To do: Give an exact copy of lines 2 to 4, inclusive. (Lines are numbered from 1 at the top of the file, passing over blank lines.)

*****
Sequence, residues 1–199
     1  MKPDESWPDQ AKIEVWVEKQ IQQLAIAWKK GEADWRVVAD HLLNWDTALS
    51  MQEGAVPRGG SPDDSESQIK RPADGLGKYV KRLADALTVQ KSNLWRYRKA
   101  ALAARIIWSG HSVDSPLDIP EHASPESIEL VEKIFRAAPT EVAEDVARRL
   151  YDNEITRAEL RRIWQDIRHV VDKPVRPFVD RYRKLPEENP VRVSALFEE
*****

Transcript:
     1  MKPDESWPDQ AKIEVWVEKQ IQQLAIAWKK GEADWRVVAD HLLNWDTALS
    51  MQEGAVPRGG SPDDSESQIK RPADGLGKYV KRLADALTVQ KSNLWRYRKA
   101  ALAARIIWSG HSVDSPLDIP EHASPESIEL VEKIFRAAPT EVAEDVARRL